For a 6-month-old, the Digital Public Library of America (DPLA) already has grown quite large: from an initial 2.4 million available items in April to more than 5 million.
Fame came fast too, “even in our infancy,” said DPLA Executive Director Dan Cohen. This free online portal into American culture was less than three weeks old when Time magazine named it one of the best 50 websites of the year.
DPLA is an enormous free public library under a digital roof. With a few clicks of computer keys, users can access millions of links to online books, photographs, movies, and other cultural artifacts from collaborating institutions, including digital collections at the Harvard Library.
Member libraries, museums, and exhibits contribute links for digitized materials — “metadata” — to nine regional or state aggregators, called service hubs. Twelve such contributors, each with 250,000 items or more, are content hubs that provide metadata directly to DPLA, which is a metadata repository rather than a repository of images, books, or any other physical content.
Late last week, in a two-day meeting, 700 librarians from across the United States and a few from Europe gathered in Boston to see what was new, and to see what was ahead for DPLA. (Donating venues were the Boston Public Library, Northeastern University College of Social Sciences and Humanities, and Simmons Graduate School of Library and Information Science.)
One new aspect was a nearly $1 million grant from the Bill & Melinda Gates Foundation to underwrite digital training for local librarians. (About 1,700 local libraries are plugged into DPLA so far.) Also new was the fact that three data-aggregating partners signed on in New York, North Carolina, and Texas. And DPLA has added features, including StackLife, a digital browsing tool developed at Harvard that allows a user to see at a glance the popularity of a given book.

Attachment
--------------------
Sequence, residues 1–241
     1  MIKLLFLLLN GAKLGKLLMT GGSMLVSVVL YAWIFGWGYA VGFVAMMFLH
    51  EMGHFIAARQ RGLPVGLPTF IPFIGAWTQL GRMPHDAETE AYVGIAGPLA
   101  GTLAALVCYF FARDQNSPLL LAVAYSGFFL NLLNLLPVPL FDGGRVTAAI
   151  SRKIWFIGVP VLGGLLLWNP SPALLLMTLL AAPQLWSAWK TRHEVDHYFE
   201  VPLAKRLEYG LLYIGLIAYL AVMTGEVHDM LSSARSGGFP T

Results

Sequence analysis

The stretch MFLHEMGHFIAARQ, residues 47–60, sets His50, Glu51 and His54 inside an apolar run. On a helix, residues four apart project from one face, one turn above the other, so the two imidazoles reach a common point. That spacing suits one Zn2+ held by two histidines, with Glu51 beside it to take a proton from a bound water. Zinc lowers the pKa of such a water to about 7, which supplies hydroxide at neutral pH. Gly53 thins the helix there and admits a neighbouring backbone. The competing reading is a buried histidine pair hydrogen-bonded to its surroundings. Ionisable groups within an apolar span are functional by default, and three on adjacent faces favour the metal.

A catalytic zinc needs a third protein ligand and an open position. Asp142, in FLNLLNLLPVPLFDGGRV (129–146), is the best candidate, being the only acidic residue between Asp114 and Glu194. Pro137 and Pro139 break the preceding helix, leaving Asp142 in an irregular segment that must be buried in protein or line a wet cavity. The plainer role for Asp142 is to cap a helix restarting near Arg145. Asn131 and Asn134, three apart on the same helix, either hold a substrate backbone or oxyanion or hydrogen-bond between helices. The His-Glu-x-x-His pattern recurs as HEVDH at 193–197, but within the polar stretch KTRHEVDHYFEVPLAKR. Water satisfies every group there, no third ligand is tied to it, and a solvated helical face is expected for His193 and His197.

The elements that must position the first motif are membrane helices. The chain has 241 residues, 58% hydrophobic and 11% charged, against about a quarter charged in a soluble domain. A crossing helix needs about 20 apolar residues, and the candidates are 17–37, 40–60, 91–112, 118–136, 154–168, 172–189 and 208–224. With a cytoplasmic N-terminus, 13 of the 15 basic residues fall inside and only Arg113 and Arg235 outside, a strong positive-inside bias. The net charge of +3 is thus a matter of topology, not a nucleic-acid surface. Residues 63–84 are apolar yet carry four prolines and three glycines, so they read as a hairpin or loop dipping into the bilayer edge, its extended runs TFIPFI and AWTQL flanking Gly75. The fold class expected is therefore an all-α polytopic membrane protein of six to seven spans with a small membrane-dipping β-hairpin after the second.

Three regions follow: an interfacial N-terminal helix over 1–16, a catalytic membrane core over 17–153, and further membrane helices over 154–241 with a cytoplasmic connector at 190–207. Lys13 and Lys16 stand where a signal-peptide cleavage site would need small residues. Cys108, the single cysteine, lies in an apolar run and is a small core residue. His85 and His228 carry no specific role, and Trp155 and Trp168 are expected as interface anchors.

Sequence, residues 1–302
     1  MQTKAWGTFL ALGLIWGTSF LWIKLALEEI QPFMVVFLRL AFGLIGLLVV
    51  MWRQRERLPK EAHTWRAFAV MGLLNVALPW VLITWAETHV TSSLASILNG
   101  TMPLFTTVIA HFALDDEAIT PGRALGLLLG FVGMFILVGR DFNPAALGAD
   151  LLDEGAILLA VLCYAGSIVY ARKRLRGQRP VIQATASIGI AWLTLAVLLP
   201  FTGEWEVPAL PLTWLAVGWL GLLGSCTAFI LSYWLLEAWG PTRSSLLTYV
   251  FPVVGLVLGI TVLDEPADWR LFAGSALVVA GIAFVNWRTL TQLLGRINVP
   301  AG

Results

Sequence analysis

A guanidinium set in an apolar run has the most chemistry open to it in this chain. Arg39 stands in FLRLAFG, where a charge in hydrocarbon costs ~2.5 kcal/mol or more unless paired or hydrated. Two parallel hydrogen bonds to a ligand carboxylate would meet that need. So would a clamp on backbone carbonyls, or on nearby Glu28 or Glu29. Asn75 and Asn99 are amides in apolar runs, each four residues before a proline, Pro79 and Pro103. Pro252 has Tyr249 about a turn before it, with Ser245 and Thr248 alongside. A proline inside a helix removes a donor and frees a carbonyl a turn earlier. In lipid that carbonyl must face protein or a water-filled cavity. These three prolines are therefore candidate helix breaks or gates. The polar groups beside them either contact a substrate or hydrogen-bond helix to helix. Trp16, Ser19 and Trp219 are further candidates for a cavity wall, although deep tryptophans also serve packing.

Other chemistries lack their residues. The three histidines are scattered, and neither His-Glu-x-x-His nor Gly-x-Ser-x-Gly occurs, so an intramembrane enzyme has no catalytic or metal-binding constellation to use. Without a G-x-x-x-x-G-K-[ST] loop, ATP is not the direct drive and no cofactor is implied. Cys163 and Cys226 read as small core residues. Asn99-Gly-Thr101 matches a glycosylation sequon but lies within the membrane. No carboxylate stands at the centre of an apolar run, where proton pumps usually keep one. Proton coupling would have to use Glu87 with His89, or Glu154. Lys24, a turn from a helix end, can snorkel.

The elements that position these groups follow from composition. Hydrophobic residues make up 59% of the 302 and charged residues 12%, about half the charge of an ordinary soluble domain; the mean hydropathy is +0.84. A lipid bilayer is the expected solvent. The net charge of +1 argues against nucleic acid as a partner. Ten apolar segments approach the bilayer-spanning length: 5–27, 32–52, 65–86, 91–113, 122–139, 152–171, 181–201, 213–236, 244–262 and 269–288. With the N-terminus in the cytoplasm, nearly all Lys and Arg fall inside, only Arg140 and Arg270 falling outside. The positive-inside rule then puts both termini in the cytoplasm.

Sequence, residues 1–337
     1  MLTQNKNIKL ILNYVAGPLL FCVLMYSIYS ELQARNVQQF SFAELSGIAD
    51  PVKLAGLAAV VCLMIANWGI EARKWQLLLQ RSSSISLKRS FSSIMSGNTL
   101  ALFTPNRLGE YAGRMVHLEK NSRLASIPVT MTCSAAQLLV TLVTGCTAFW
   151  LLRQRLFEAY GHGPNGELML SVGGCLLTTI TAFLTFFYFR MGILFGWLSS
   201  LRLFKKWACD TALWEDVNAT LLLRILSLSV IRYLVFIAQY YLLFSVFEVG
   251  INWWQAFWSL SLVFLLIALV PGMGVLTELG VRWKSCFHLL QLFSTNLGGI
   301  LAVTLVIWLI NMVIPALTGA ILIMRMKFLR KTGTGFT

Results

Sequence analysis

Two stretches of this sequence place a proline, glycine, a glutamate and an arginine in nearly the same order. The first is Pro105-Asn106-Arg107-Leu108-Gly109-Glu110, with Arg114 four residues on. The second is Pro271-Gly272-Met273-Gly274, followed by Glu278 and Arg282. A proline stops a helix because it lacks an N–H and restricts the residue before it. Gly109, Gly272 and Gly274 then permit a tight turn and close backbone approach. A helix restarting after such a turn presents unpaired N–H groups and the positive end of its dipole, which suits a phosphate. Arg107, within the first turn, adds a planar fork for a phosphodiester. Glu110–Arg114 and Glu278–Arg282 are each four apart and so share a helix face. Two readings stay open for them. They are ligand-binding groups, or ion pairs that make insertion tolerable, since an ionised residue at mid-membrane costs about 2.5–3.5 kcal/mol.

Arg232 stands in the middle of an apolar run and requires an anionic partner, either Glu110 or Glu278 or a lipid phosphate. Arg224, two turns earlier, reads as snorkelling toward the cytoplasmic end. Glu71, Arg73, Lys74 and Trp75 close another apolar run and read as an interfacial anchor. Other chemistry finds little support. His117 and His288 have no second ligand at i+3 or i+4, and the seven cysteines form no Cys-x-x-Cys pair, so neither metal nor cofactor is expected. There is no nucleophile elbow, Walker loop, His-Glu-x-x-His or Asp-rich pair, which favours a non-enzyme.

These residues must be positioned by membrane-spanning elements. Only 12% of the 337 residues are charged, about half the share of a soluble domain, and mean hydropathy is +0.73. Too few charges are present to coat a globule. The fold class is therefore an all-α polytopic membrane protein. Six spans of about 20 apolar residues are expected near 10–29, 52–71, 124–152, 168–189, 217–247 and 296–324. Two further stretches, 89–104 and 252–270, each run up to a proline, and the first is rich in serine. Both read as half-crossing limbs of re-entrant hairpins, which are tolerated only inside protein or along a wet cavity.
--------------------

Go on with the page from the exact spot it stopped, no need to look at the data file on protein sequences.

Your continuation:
What was ahead is “much work and many challenges,” said Doron Weber of the Alfred P. Sloan Foundation, a key early funder of DPLA. The conference, divided into workshops, revealed future needs and action steps.
Among those needs were more service and content hubs, more access to DPLA in local libraries, more connections with library-hungry community colleges, more advocacy volunteers and partners, links to European digital counterparts, “tool kits” for navigating copyright pitfalls, and more diversity in both collections and board members.
Once just a dream
Though a librarian’s dream for decades, a digital library on the scale of DPLA was conceived only three years ago at an exploratory seminar at Harvard’s Radcliffe Institute for Advanced Study. It took the 40 experts in attendance just a few minutes to craft a mission statement word by word, one that’s still in place: to create “an open, distributed network of comprehensive online resources that would draw on the nation’s living heritage from libraries, universities, archives, and museums in order to educate, inform, and empower everyone in current and future generations.”
Then, Harvard’s Berkman Center for Internet & Society convened experts to work on a technical and administrative architecture for DPLA. By two years ago, a steering committee was in place at the Berkman. Two key staffers, including Cohen, were hired by the end of last year. Then the wheels were spinning fast. Weber compared DPLA to “a young nation just growing up.”
Now with a permanent staff of five and thousands of volunteers, the DPLA celebrated itself for the first time Oct. 24-25. The initial gathering, a reception and briefing, was in the Boston Public Library, the first large and free municipal library in the United States. It opened in 1854 in a schoolhouse and made 5,000 books and periodicals available for loan. Anyone over 16, with the right character reference, could borrow one book at a time for two weeks.
“New” and “large” apply to the DPLA too. There are Harvard footprints all over the project, but who really started it? “My answer is: It’s collective,” said Robert Darnton, Harvard’s Carl H. Pforzheimer University Professor and University librarian, who convened the Radcliffe seminar three years ago. “Everyone agreed it was a good idea and we would make it happen.”
Transparency and a sense of collective effort still rule, he said of the DPLA, which maintains a distributed, horizontal structure — not something that would work “from the top down.”